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France

French press review 19 October 2017

media

Can we trust the rich not to run away with the tax rebates being proposed in next year's budget? What is the government doing to slow illegal immigration? And is Chinese president Xi Jinping the worthy successor of Chairman Mao?

In its ongoing discussion of the French budgetary proposals to stop taxing the very well off, Le Monde this morning asks "Can we trust the rich?"

The answer is important, since the Macron administration believes that leaving the pampered few a bit of extra cash will have positive benefits for the rest of us. The well-heeled won't flee to countries where the tax regime is less rigorous, they might even invest their extra boodle in local businesses. That's the theory.

Hence the question of trust.

Le Monde takes the long view. The French have a bizarre attitude to money, especially when we're talking lots of, it says. The Catholic roots of French society are anchored in the idea that money is basically evil, the rich man finding it easier to get into heaven than a camel can get through the eye of a needle and so on.

But the society needs its clumsy camels so that they can prime the economic machine with their investments. That creates wealth for everyone. President Emmanuel Macron wants to encourage those who have lots to take risks by giving them more to take risks with. The total sum the budget proposes to give to the best-off one percent of French society is 3.2 billion euros, about the amount it costs to run the National Scientific Research Centre for a year.

Macron wants his rich people to show a bit of gumption, to throw in their lot - or at least some of their lot - with the rest of us. But he has no way of knowing what they'll do, and no way of stopping them if they decide to stash the cash in Ulan Bator rather than a Toulon bath-maker.

The signs are unpromising. The last Socialist government gave the bosses 33 billion euros in reduced social security contributions to encourage the creation of one million jobs. To date, three years down the line, those charges continue to be reduced but less than 300,000 jobs have been created. That works out at 110,000 euros per job. Nice work if you can get it.

Macron and immigration

Le Figaro gives pride of place to another government headache, the problem of controlling immigration. The right-wing paper says Emmanuel Macron has made all the right noises, so far as Le Figaro is concerned, promising a firm line against those who would sneak into France illegally. Now he has to turn the talk into action.

Yesterday the president told police chiefs that he can't expect the middle classes to understand that France is going to accommodate immigrants without putting some form of control in place. Le Figaro says Macron is clearly trying to calm the suspicions of traditional right-wing voters, with immigration still a key political issue.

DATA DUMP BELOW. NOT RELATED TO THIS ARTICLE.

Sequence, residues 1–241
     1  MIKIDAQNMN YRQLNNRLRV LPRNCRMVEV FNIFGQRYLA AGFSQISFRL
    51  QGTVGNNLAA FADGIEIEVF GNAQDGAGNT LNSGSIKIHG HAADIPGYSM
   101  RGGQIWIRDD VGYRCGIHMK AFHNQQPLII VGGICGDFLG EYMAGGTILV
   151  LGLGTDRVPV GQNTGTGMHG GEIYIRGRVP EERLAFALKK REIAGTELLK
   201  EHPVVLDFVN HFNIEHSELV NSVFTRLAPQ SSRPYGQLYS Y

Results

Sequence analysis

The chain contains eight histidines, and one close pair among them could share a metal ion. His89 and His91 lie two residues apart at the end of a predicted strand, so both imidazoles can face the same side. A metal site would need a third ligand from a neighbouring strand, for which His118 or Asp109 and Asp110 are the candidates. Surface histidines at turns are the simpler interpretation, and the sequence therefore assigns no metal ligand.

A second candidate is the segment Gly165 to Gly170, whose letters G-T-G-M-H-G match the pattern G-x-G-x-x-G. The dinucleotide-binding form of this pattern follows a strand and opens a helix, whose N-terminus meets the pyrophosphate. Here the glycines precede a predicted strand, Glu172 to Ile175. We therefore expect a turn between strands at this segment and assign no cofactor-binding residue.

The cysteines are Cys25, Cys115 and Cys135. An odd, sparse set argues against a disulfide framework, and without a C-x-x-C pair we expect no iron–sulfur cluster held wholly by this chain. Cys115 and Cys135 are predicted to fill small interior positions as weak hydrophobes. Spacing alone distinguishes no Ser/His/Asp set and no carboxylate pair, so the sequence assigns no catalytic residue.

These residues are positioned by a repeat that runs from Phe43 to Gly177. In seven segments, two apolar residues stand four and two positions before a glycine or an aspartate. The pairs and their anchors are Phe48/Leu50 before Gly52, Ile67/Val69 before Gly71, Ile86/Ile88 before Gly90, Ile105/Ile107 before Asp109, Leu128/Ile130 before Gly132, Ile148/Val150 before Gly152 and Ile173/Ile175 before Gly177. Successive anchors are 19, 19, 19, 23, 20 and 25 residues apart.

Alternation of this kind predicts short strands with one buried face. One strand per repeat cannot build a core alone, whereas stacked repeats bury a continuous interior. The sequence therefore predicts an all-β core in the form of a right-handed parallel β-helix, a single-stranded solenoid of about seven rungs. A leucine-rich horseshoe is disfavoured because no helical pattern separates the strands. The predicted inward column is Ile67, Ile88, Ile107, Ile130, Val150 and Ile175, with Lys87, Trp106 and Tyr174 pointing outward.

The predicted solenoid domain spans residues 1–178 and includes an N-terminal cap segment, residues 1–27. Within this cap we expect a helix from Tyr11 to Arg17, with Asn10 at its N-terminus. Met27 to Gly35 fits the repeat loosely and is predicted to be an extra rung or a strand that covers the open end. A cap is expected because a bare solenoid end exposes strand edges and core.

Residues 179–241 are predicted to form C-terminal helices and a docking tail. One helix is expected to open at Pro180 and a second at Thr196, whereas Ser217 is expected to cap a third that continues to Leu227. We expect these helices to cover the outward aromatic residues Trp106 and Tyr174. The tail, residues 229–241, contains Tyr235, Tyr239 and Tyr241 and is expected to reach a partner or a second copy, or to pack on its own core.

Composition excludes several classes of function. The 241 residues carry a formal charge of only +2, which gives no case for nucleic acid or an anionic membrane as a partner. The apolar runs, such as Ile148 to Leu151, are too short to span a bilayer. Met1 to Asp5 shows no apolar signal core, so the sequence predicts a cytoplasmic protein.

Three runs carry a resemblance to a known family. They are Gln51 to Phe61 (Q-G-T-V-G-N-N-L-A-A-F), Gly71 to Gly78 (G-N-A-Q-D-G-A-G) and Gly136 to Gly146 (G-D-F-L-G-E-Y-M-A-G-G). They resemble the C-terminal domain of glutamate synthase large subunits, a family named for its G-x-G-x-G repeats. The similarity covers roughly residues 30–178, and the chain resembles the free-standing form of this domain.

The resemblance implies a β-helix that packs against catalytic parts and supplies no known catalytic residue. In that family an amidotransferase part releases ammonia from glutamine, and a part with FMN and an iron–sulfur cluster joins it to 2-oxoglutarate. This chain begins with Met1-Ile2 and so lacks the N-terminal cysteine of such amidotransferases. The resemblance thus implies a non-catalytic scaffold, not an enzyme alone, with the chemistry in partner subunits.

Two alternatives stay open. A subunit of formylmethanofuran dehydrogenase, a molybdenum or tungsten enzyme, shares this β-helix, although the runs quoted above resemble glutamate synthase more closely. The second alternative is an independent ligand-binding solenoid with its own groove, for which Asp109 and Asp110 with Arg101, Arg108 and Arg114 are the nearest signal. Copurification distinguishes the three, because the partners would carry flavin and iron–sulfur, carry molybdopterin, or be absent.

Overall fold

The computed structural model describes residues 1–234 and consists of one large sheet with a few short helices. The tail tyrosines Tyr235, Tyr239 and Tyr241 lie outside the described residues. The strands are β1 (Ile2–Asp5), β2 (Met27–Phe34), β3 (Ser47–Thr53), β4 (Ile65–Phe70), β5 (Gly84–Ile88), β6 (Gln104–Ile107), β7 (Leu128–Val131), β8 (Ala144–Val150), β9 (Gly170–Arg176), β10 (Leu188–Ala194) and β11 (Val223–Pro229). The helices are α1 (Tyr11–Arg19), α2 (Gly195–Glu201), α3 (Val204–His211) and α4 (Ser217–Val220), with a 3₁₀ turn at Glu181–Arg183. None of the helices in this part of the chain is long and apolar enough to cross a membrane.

A crucial part of the problem is that France does not have the space to hold illegal entrants while waiting to send them back to their countries of origin, the paper says.

The right-wing paper's editorial is headlined "Let's have some results," a repeat of the call for action to match the determined presidential tone.

Yesterday's address to the nation's police was, for Le Figaro, an attempt by the ex-banker president to show that he has other interests than the economy. And an effort by the man accused of being a president of the rich that he can listen to middle-class fears as well. The message is basically: we have no money to hand out but we can make life safer.

He could have done more, says Le Figaro. He could have made unregistered residence in France a crime, as it used to be before the last Socialist government tore up the law. And he had practically nothing to say about the drug trade, a scourge which makes life impossible for many in the nation's suburban wastelands and which is not without its links to Islamic terrorism, in Le Figaro's opinion.

Chinese president Xi consolidates his grip on power

Left-leaning Libération gives the honours to Chinese president Xi Jinping, saying he has now fully taken on the mantle of party founder Chairman Mao, becoming the uncontested helmsman of the Chinese Communist Party, which is holding its five-yearly nation congress this week.

Xi has supervised the exposure and punishment of 1.3 million corrupt officials, has made official visits to no fewer than 56 countries, has administered a huge Chinese version of the post-war US Marshall Plan. He's authoritarian, centralist and takes no prisoners. But he gets the job done.

Xi has even taken control of the Chinese economy, a domain traditionally left to the prime minister. He wants his vast nation to profit from globalisation. But he doesn't want any interference from the media, non-government organisations, university professors, feminists or ethnic minorities. Thank you very much.

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